Tips on What To Do When You Can't Sleep


Presented By: Louisa Man and Nelly Matorina, with Dr. Hans Dringenberg Are you always tired? Do you feel like you’re not getting enough sleep? In this workshop, we will examine prevalent sleep myths like “I catch up on sleep over the weekend” or ”Having a glass of wine before bed makes me sleep better”. Importantly, we will discuss facts about sleep and its impact on wellbeing. We will also review strategies to improve sleep hygiene, and go over evidence-based tools to help you learn about your own sleep patterns.




Mental Health, Relationships, and You


Presented by: Joyce Li, Vanessa Schell, & Jackie Huberman, with the Mental Health Awareness Committee It can be tough to navigate mental health issues in our relationships. In this talk, we will share research, practical tips, and real-life experiences related to issues of mental health (e.g., depression, anxiety, grief, stress, etc.) in the context of platonic and romantic relationships. Together, we’ll contemplate the following scenarios, and more: “My best friend is going through some serious mental health struggles right now. How do I best support her, without burning out?” “I am struggling but don’t know how to communicate to my partner and my family what I need from them. How do I have these conversations?” “I want to date, but my mental health issues can make it tough and complicate things. How can I navigate this?” “I’m glad to be my girlfriend’s rock but it’s exhausting me, and I find myself pushing away sometimes. Does that make me a terrible person?” “My housemate’s mental health issues make it hard to do everyday things, like going to class. How much should I push him to get moving?” We’ll be joined by a couple of undergraduates who will share their experiences navigating challenging mental health issues in their own relationships.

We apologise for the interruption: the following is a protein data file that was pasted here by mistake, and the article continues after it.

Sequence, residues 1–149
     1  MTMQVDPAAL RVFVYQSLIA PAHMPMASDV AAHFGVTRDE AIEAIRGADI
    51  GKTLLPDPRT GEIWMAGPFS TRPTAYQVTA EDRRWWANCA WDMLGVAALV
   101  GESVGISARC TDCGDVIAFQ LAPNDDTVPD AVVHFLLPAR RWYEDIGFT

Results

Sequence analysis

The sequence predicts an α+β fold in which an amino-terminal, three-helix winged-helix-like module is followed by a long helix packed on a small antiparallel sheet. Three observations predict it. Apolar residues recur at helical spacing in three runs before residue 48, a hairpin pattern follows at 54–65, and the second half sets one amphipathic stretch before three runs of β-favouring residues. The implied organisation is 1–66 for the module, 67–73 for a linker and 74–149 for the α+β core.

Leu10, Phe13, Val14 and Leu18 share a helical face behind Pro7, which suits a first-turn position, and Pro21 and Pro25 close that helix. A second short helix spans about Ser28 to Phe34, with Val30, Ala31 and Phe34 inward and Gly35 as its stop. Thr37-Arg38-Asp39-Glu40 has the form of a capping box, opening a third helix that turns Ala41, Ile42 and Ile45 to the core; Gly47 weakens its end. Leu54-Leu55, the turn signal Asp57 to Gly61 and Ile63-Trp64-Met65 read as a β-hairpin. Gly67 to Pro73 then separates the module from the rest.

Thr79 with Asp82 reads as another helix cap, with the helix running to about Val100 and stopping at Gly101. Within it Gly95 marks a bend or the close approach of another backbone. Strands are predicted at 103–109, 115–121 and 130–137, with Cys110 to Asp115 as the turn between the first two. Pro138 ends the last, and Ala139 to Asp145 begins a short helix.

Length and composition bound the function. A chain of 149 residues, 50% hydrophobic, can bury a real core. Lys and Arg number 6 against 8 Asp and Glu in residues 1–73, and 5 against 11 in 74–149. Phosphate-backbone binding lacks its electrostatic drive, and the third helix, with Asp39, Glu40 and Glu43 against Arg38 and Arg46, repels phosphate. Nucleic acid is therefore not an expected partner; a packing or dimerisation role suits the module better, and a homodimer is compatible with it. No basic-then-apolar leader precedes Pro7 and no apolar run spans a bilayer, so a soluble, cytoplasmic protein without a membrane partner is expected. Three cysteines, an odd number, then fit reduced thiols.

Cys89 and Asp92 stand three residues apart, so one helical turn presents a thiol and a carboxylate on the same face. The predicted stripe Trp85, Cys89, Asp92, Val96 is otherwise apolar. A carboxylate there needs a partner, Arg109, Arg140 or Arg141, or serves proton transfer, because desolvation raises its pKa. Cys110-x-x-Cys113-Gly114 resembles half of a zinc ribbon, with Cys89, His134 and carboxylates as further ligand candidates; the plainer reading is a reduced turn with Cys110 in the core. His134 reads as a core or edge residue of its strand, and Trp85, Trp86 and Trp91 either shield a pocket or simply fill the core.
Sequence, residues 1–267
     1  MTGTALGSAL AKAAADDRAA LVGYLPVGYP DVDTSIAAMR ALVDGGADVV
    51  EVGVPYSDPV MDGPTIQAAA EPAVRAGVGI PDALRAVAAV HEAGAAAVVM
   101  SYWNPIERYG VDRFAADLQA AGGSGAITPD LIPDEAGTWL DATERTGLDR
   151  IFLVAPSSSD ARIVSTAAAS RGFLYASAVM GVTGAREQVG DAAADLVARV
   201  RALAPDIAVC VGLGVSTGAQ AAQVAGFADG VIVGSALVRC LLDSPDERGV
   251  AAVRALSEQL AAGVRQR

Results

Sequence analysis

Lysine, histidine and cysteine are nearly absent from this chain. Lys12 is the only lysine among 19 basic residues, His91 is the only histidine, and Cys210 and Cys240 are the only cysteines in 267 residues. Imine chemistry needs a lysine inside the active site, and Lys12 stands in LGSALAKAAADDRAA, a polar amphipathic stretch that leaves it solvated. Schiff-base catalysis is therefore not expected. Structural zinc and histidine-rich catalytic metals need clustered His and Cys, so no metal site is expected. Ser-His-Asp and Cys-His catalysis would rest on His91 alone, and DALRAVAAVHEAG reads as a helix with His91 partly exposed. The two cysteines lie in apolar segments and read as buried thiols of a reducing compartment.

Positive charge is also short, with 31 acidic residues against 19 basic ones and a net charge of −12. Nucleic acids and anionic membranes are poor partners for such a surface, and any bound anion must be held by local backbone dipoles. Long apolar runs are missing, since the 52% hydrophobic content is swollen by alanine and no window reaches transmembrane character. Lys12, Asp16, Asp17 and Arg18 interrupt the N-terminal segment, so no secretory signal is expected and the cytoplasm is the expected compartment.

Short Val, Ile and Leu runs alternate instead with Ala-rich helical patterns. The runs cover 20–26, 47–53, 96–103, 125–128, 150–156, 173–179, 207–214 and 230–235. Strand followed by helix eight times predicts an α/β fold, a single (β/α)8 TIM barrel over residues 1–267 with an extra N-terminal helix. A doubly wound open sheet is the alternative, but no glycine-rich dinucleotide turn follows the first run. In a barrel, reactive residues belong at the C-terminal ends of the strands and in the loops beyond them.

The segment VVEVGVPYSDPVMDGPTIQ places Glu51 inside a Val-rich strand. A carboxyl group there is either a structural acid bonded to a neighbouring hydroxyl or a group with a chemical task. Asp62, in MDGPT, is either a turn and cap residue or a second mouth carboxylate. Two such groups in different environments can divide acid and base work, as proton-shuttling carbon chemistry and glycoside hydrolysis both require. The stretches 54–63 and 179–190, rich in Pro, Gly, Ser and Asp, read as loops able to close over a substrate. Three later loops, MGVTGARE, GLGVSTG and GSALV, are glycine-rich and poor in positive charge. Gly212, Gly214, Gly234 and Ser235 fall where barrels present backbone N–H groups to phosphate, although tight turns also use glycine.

Living with Anxiety


Presented by: Dr. Brad Mac Neil and Breanna McCreary The talk will aim to address the following quesitons:
(1) What is anxiety?
(2) How do you recognize the signs of anxiety in yourself and family members?
(3) What are the evidence-based treatments for anxiety for adults and children?
(4) What is it like to live with an anxiety disorder?





2015 - 2016

What To Do If You Can't Sleep?


Presented by Samantha Dawson, MSc & Jackie Huberman, MSc

This interactive and educational workshop will provide an introduction to insomnia and other common sleep problems. We will review the biological process of sleep and will discuss how managing sleep difficulties can lead to positive effects on mood. Importantly, we’ll review strategies that have been shown to effectively improve sleep fairly quickly, so that you can start sleeping better soon!




How to Support a Friend with Anxiety


Presented by Irene Hong and Chloe Hudson, with Dr. Tess Clifford We’ve all heard of “anxiety”, but what is it? How do you manage it or support an anxious friend? In this interactive workshop, we will review common types of anxiety. We’ll provide effective techniques for coping with anxiety and you’ll have the chance to practice some of them. We’ll also discuss ways that you can help support an anxious friend, including what to say and what not to say.




How to Help a Friend Cope with Sexual Assault


Presented by Robyn Jackowich and Stéphanie Gauvin, with Dr. Caroline Pukall Unwanted sexual experiences are unfortunately all too common. In this workshop, we will review common myths about sexual assault and will present important facts, including what consent is, how to get it, and how to give it. We’ll discuss the impact sexual assault can sometimes have on mental, physical, and emotional well being, including the wide range of responses different people may have. Importantly, we’ll review ways to support a friend who discloses they’ve been sexually assaulted – what to say, what not to say, how to check in, and how to recognize your limits. We’ll be sure you leave the workshop with immediate and long-term resources, so that you and/or your friend are not alone.